“The best way to find out if you can trust somebody is to trust them.”

—Ernest Hemingway

On December 13, 2020, former secretary of state George Shultz turned one hundred years old. On that day he published an essay musing over what he had learned across a century of living, and a career that included serving three US presidents. He concluded that in all of his varied experiences—businessman, diplomat, economist, professor, husband, father, athlete, and war veteran—one lesson surfaced above all others.

Put simply, Shultz wrote, trust is the coin of the realm. When trust was in the room—whatever room that was—the family room, the schoolroom, the coaches’ room, or the military room—good things happened. When trust was not in the room, good things did not happen. Everything else is in the details.

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I’ve pondered this well-earned piece of wisdom multiple times since reading Mr. Shultz’s reflections. When I reexamine my own life, his conclusion has held true in every circumstance. Trust, it seems, is the secret sauce in the recipe for high-performing leaders and teams.

So how do you build trust? And, equally as important, how is trust eroded?

I often write about my time on the Pine Ridge Indian Reservation and my learnings there. Pine Ridge is a place where distrust in government runs deep. That distrust was earned by repeated acts of betrayal, broken promises, and a lack of follow-through on the part of American political leaders and their operational bureaucrats.

At Pine Ridge there is also an additional layer of historic distrust toward people who are white. This too was earned. For nearly a century white people from away came to reservation communities like this one with the intention of “remaking” Indians in their own image.

In both cases trust was broken by the group with the most influence, control, and power. Once broken, trust can take lifetimes—even generations—to restore.

Today, however, there are many people at Pine Ridge who trust me, and I trust them in return. How was that trust established in the wake of such a dubious trail?

The answer? Direct, personal, and sustained connectivity. I ate, slept, and hung out there over and over and over again. In return, people invested their time in me. Eventually, trust was established.

“I can see you have a good heart,” my now dear friend Catherine Grey Day said to me after our fourth visit together. Today she calls me “Misum,” or “little brother.”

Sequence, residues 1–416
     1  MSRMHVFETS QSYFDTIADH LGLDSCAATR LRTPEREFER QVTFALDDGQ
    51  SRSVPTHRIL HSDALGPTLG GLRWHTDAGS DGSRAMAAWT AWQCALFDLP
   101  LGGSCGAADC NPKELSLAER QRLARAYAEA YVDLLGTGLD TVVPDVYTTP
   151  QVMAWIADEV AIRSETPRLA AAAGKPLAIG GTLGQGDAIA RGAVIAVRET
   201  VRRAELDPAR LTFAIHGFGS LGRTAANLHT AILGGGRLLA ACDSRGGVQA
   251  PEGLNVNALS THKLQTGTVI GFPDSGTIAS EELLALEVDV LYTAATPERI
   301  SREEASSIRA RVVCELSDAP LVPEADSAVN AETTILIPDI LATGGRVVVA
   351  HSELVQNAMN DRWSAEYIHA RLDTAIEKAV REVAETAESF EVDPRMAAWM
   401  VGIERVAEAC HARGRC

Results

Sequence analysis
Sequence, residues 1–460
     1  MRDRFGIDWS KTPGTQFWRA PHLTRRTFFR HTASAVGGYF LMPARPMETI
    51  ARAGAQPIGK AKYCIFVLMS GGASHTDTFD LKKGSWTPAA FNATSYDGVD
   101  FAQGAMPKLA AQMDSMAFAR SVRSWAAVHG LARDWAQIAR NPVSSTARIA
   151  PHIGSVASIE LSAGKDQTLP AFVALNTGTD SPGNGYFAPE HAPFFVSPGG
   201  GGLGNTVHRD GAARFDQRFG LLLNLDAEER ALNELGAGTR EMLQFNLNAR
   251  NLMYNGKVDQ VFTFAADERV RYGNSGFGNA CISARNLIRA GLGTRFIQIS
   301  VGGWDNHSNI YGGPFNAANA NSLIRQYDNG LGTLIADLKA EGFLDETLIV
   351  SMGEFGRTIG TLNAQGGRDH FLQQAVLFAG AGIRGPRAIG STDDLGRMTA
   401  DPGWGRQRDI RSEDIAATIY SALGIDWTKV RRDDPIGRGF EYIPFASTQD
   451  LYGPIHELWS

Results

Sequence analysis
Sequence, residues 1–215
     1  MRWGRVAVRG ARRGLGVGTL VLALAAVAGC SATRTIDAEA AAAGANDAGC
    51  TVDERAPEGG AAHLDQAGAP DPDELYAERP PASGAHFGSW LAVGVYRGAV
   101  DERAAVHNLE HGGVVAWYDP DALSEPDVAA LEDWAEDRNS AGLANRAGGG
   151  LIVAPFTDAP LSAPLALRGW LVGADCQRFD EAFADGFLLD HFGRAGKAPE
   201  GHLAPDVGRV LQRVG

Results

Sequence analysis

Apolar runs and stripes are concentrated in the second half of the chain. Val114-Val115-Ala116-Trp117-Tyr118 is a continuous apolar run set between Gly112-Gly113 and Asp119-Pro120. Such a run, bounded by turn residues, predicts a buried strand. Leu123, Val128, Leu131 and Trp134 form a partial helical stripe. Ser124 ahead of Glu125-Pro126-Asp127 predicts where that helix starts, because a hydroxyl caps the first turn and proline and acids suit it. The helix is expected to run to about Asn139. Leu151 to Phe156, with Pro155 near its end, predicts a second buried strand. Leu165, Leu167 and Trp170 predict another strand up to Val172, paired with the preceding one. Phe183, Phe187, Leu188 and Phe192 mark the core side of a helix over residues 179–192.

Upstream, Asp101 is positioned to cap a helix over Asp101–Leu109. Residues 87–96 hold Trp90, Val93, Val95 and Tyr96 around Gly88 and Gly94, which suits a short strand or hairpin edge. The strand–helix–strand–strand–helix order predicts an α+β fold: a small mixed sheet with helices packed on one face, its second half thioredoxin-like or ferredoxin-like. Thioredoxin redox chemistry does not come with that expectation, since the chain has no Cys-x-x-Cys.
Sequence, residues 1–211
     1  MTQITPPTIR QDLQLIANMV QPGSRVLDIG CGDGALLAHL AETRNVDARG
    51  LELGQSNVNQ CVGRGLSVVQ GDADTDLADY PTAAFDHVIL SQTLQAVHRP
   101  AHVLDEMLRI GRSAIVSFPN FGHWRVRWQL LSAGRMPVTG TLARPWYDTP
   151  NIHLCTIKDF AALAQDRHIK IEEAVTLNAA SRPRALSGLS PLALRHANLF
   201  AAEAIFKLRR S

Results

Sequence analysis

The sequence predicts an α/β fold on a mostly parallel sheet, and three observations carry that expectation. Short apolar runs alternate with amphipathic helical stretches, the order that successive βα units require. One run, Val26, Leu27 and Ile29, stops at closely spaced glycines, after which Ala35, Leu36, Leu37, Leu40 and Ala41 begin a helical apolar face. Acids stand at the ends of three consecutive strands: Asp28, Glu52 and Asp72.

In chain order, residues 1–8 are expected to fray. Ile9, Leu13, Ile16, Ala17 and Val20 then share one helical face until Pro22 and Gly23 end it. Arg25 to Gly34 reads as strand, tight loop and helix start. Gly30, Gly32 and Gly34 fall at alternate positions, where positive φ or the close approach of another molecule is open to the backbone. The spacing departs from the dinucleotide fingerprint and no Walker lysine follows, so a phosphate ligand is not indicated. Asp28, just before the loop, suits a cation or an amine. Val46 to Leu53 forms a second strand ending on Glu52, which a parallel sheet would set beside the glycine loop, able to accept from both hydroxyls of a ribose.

Distance breeds unfamiliarity, and that can manifest as distrust. If I do not know you personally, I will likely default to the historical experiences of my community.

Perhaps the most intriguing yet debilitating aspect of trust and distrust is that you can almost always prove you are right.  There is almost always an available reason to be distrustful.

* * *

In the past ten years Hancock Lumber has been fortunate to experience sustained success. We’ve established new performance records and then reset them multiple times.

Beyond good fortune, what would I attribute this to?


For seven years in a row we have been one of the Best Places to Work in Maine. In each of those years we broke our own records for sales, productivity, and profitability.

So which came first? Did the high performance create a best place to work, or did becoming a best place to work enable the high performance?

For those of us who have been there, the answer is clear: It was focusing first on the employee experience that subsequently created the corporate performance surge.  Trust within the organization among the people who worked there came first.   

In high-performing companies, employees do not expect everything to be perfect. Everyone knows there will always be new challenges to overcome and problems to work through. But they trust that through it all the company will prioritize them. They trust that the company will not put its own needs before theirs. In return, the employees lift up the company and teach it to soar.

So yes, upon reflection, George Shultz’s wisdom has proved to be true in my life. At both Pine Ridge and Hancock Lumber, trust has in fact been the coin of the realm, and a currency first forged from within.

We must learn to trust our authentic selves before we can be deemed trustworthy by others.

“Have enough courage to trust love one more time and always one more time.”

—Maya Angelou

Thank you for considering my thoughts. In return I honor yours. Every voice matters. Nestled between our differences lies our future.

* * *

I have this picture of Sitting Bull in my home office. He, like many other Indian chiefs of his time, faced a series of impossible choices as America rushed to meet its Manifest Destiny. Putting the needs of certain groups below your own always destroys trust.

“They made us many promises, more than I can remember, but they never kept but one; they promised to take our land, and they took it.”

—Sitting Bull


This is the twenty-sixth in a series of short essays to be posted by Kevin Hancock to www.thebusinessofsharedleadership.com in 2021, in honor of Black Elk, the Oglala Sioux holy man who was escorted as a child on a sacred vision quest by the 48 horses of the four directions to visit the six Grandfathers. My horses, prancing they are coming. They will dance; may you behold them. On that journey Black Elk understood the sacred power that dwelled within him and lives within us all. He also recognized that this power could be used for good or bad. Intentional we must be about the path we walk. To receive future posts from Kevin, simply click here. This will trigger an e-mail where you can confirm and subscribe. Thank you!